Hong Kong
Stage 4 - Stage 5

# Dilation and Symmetry

Lesson

This interactive will allow you to explore polynomials with varying degrees.  Take particular note of the similarities that occur between polynomials with an odd highest degree and polynomials with an even highest degree.

• What happens when you change h?
• What happens when you change k?
• What happens when you change a?
• Does the behaviour or a, h or k change with different values of N?
• What is the effect of having an odd or even number when you change N?

Now, the previous interactive only looked at $\left(h,k\right)$(h,k)-Form.  There are many different forms of polynomials, for example a polynomial of degree $5$5 could have up to $6$6 terms, $ax^5+bx^4+cx^3+dx^2+ex+f$ax5+bx4+cx3+dx2+ex+f.  Often its the existence of these middle terms that create the most interesting graphs.

We don't have to know about all functions to be able to graph them.  We can use our existing knowledge of dilation, reflection and translations that we have used with Quadratics and apply this to lots of various functions and curves.

## Dilation

The dilation of a graph is the value of the coefficient of the term with the highest power. This is also the term that identifies the degree of the function.  Remember that dilation is a measure of how spread out the function is in relation to the axes.

Here are some examples:

$y=3x^3+2x^5$y=3x3+2x5  has dilation factor of $2$2, because the highest power is $5$5 and the coefficient of $x^5$x5 is $2$2.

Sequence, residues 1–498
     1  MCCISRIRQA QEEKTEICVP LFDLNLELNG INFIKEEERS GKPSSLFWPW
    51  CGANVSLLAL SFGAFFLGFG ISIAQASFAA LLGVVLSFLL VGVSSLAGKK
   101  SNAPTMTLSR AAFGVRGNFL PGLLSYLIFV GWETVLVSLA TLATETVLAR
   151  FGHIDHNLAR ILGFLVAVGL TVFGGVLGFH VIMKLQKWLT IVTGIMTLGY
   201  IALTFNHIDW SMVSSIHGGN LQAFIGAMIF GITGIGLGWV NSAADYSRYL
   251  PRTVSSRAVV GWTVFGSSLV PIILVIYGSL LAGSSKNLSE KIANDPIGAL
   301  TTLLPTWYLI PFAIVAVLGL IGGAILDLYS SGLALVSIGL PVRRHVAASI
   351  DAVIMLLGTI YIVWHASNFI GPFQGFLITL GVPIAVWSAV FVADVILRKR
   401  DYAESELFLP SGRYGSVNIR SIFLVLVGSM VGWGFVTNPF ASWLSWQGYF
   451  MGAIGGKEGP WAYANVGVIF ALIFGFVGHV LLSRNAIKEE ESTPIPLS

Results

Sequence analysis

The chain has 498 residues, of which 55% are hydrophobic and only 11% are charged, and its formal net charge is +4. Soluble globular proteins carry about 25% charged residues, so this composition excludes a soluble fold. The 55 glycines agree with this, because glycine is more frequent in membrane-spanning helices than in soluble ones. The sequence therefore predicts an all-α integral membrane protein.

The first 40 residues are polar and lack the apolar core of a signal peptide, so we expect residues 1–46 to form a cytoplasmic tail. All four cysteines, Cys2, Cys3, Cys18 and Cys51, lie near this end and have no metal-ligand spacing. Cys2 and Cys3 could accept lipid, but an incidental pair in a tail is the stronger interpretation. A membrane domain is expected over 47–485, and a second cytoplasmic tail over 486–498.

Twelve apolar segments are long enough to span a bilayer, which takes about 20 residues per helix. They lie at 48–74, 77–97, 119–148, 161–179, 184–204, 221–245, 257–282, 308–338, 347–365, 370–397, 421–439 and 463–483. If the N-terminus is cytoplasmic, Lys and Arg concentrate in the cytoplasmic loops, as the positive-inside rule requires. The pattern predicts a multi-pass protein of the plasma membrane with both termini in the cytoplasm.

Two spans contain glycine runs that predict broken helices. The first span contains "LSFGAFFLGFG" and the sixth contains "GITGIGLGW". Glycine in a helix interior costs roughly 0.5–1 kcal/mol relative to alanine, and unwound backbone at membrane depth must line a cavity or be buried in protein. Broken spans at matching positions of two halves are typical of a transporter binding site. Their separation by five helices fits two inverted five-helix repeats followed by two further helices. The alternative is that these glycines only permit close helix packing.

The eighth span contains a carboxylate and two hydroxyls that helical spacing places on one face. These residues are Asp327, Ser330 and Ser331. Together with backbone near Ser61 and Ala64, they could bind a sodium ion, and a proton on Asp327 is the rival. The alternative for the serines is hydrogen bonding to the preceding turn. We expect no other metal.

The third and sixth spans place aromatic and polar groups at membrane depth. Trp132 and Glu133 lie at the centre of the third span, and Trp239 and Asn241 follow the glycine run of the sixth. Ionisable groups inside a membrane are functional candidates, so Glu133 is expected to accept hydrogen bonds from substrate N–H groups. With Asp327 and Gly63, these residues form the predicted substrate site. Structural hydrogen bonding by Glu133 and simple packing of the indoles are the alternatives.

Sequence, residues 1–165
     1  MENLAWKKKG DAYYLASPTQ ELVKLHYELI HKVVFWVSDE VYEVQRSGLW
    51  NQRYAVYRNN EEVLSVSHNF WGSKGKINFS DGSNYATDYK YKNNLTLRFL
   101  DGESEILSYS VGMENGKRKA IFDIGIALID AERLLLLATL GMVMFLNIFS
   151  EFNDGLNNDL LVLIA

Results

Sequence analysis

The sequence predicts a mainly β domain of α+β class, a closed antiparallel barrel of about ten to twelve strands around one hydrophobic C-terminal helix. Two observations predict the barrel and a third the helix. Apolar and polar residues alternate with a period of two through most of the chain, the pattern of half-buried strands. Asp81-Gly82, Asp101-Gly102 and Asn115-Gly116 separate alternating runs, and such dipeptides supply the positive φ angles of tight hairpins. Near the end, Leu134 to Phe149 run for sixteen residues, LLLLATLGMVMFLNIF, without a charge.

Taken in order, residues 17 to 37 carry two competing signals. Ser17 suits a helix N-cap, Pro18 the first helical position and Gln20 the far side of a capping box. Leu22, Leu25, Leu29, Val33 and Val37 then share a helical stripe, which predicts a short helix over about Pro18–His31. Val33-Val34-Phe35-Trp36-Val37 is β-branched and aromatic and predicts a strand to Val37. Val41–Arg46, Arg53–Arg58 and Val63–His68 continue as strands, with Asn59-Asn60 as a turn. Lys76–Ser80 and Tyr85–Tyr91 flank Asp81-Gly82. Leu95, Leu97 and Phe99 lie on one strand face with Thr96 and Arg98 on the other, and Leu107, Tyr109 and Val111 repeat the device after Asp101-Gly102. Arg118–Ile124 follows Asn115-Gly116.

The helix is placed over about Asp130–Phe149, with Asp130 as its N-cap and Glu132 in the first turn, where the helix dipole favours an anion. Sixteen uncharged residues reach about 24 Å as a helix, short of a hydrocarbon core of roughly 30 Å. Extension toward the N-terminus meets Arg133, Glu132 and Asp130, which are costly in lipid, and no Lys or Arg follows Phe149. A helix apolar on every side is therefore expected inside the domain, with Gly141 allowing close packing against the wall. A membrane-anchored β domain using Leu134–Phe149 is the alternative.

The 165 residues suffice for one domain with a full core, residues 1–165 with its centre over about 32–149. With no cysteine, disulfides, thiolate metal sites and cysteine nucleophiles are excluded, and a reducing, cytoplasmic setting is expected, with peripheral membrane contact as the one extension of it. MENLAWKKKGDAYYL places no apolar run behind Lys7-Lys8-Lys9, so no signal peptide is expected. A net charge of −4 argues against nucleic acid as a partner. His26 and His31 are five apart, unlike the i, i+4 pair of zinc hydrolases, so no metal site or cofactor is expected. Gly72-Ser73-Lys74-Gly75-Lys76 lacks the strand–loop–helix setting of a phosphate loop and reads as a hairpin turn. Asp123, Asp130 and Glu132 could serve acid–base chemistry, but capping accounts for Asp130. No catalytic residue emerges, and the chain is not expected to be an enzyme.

$y=-8x^6+9x^2$y=8x6+9x2  has dilation factor of $8$8, because the highest power is $6$6 and the coefficient of $x^6$x6 is $-8$8.

The function $y=-8x^6+9x^2$y=8x6+9x2 has a greater dilation than the function $y=3x^3+2x^5$y=3x3+2x5 so it is more steep, less spread out.

## End Behaviour

We have already seen reflection parallel to the $x$x axis in quadratics, this resulted in quadratics that were either concave up or concave down.  Similar behaviour is exhibited by other polynomials when the value of $a$a becomes negative.  The reflection will mean that the end points of the function will point in opposite directions.

Positive quadratics - both end points point in the positive $y$y direction.

Negative quadratics -  both end points point in the negative $y$y direction. (opposite to the positive)

Have a look at the following polynomial graphs.

These ones are all of odd degrees.

These ones are the same polynomials but with a negative '$a$a' value, causing a reflection.

These ones are all of even degrees

These ones are the same polynomials but with a negative '$a$a' value, causing a reflection.

## Symmetry

Some polynomials exhibit reflective symmetry when they are sketched.

Quadratics, for example, have a reflective symmetry across a vertical line that passes through the vertex.

If the quadratic has no horizontal translation, than this reflective symmetry occurs on the $y$y axis. Such as in these cases.

Generally speaking, if any polynomial is of the form $y=ax^n+k$y=axn+k, and $n$n is even, then it will have a reflective symmetry across the $y$y axis.

Have a look at this interactive to see this in action.

If a polynomial is of the form $y=ax^n+k$y=axn+k and $n$n is odd then there is NO reflective symmetry as the end values of the functions go in opposite directions.  Have a look at this interactive to see that there just is not any symmetry on functions where the highest power is odd.

Functions cannot have reflective symmetry across the $x$x axis because then they would fail the vertical line test and no longer be functions.  But there are curves (not functions) that exist that have this symmetry.

#### Examples

##### Question 1

Does the graphed function have an even or odd power?

1. Odd

A

Even

B

##### Question 2

Does the function $y=5x^4$y=5x4 have reflective symmetry about the $x$x or $y$y axes?

1. no

A

yes, along both the $x$x and $y$y axes

B

yes, along the $y$y-axis only

C

yes, along the $x$x-axis only

D